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And Still More Notes on Mosso


Continuing in the Moving to Mosso series, I’ve come across a few more issues that anyone considering moving to Mosso should consider.

I’ve been with them for over two months now, and am very happy with them. Like the previous article, these issues are not dealbreakers – at least they are not to me – but they’re things I didn’t know about until I had made the switch, so it may be helpful for you to know in advance.

No access to memcached or APC caching modules

While this wouldn’t normally be much of an issue in many cases, if you have a very high traffic website, you may want to consider caching your dynamic pages so that you don’t exceed your allotted cpu cycles. From what I hear, Mosso is working on supporting APC and setting up a memcached server, but as of right now, it is not available.

There are, of course, other caching options such as PEAR’s Cache_Light and Zend Cache, or the “quick and dirty” method – but when you’re using query-heavy third-party software such as vBulletin, where implementing a scripted cache involves a significant amount of work, it’s a bit of a drag.

No editing a domain after you create it

Unlike other control panels, you cannot edit a domain name once you’ve created it. If you decide to change your domain name, you’ll either have to handle redirection through mod_rewrites to mask urls, or create a new domain account and then download+upload the content and databases. Hopefully you won’t have to do this often, but I admit I was surprised to discover that not even the tech support guys could facilitate editing a domain name once the account was created. Bit of a pain in the ass, but hopefully it won’t come up again.

Node/cookie weirdness

This one threw me for a loop, but now that I know about it, it’s an easy thing to work around. The way the load balancer works, a cookie is set when you access a page on the server, that tells the load balancer which node you came from, so that your sessions can be preserved. The only hitch is that if by some fluke you hit a server node error (meaning the load balancer couldn’t find a suitable node within 60 seconds), that cookie can keep sending you back to the node that isn’t answering/doesn’t exist anymore. This sounds rather complicated, but it’s actually not:

If you hit a server node error, and continue to see the server node error although people on other computers can see your site just fine, try clearing your cookies. I know, I know – it sounds like bullshit – but when you clear your cookies, the load balancer will stop trying to send you to a non-existent node and will find a suitable working node for you.

I’ve only had this come up once, but it was frustrating an confusing until we got it figured out. And as always, many thanks to Robert Collazo in their tech dept for his eternal patience and amazing dedication to getting to the bottom of things.

CPU-based billing

As you may already know, Mosso uses CPU cycles as part of their billing determination. You are allotted 10k CPU cycles, and are charged one penny per cycle if you go over.  For most people, this will not be a big deal at all, however because most servers don’t report on your CPU usage, it can be challenging to figure out how many CPU cycles you’re using until you’ve made the switch. The vast majority of Mosso customers don’t even come close to exceeding their allotted CPU cycles. I happen to be an exception, largely because one of my sites gets over a half a million media-and-databasae-heavy pageviews a month, and I have 100 other sites ranging from very large to very small on the box.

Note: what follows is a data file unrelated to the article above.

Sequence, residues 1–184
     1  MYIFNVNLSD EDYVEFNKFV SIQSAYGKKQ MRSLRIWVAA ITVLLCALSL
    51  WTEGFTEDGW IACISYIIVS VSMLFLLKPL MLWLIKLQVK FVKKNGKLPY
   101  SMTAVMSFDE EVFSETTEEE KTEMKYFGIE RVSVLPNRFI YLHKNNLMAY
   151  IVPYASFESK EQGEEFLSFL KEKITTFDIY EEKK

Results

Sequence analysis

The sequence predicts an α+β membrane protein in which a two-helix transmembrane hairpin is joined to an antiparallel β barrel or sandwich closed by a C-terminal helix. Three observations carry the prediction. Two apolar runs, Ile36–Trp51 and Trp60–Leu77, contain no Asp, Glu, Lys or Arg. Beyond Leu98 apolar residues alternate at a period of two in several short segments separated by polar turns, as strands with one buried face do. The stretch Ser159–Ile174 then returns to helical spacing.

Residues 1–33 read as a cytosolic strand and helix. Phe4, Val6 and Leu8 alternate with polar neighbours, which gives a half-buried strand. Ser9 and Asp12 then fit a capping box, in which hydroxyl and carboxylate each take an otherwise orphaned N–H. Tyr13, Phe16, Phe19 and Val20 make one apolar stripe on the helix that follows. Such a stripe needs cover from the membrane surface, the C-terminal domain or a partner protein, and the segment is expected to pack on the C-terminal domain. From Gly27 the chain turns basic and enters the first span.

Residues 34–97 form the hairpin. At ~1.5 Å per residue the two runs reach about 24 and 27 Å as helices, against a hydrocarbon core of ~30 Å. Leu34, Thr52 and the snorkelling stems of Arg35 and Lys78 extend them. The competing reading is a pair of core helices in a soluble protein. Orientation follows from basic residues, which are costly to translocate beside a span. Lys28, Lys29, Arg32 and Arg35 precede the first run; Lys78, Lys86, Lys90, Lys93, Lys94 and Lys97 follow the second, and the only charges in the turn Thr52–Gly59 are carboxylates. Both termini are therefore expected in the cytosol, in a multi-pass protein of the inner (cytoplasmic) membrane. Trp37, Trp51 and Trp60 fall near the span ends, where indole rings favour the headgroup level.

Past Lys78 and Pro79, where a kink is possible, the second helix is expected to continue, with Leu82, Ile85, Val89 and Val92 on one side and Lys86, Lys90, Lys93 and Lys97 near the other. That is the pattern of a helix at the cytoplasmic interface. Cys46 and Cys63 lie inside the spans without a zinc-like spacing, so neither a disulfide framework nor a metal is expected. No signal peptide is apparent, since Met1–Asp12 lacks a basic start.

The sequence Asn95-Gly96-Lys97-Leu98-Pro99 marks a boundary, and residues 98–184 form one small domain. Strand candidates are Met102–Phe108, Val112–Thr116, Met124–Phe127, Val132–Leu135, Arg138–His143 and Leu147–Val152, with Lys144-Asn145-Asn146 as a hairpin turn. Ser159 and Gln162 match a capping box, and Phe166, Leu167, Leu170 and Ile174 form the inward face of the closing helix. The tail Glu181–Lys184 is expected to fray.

What this ultimately means to you is that it is absolutely in your best interests to make sure your scripts and sites are running at peak efficiency. Double-check your database indexes, implement page caching where applicable, turn off gzip compression, etc. While you likely won’t find yourself needing to hoard your cpu cycles, knowing that the steps you take towards efficiency could impact your wallet is a compelling reason to take a hard look at your sites and figure out where you can do some fine-tuning, which is, overall, not such a bad thing.

Thoughts so far

I’ve really been quite satisfied with the speed, uptime, and absolutely the support provided by Mosso since I signed on in January. Nothing I’ve come up against has been dealbreaker material, and the few issues I’ve had have been resolved quickly and professionally by their support staff.

Although it may seem like much of my review is nitpicking on what you can’t do on Mosso, that’s only because the rest of it just *works*, so there’s not much more to say about it. I could go through the list of what just *works* to balance out the arguably-bad with the good, but that would be stupid. Great uptime, great support, great price. Happy customer.

Ready to give Mosso a try?

If you’re interested in giving Mosso a shot, they offer a 30 day risk-free trial (money back guarantee) – and if you use the promotional code REF-SNIPE, you’ll get a $25 rebate/refund on your first month’s bill. If you’re still not sure or you have more questions, follow @mosso on twitter. They’re very responsive, and often quite funny.

About the author


I’m a tech geek/dev/infosec-nerd/scuba diver/blacksmith/sword-fighter/crime fighter/ENTP/warcrafter/activist. I run Grokability, Inc, and run several open source projects, including Snipe-IT Asset Management. Tweet at me @snipeyhead or read more...

By snipe
Snipe.Net Geeky, sweary things.

About Me

I’m a tech geek/dev/infosec-nerd/scuba diver/blacksmith/sword-fighter/crime fighter/ENTP/warcrafter/activist. I run Grokability, Inc, and run several open source projects, including Snipe-IT Asset Management. Tweet at me @snipeyhead or read more...

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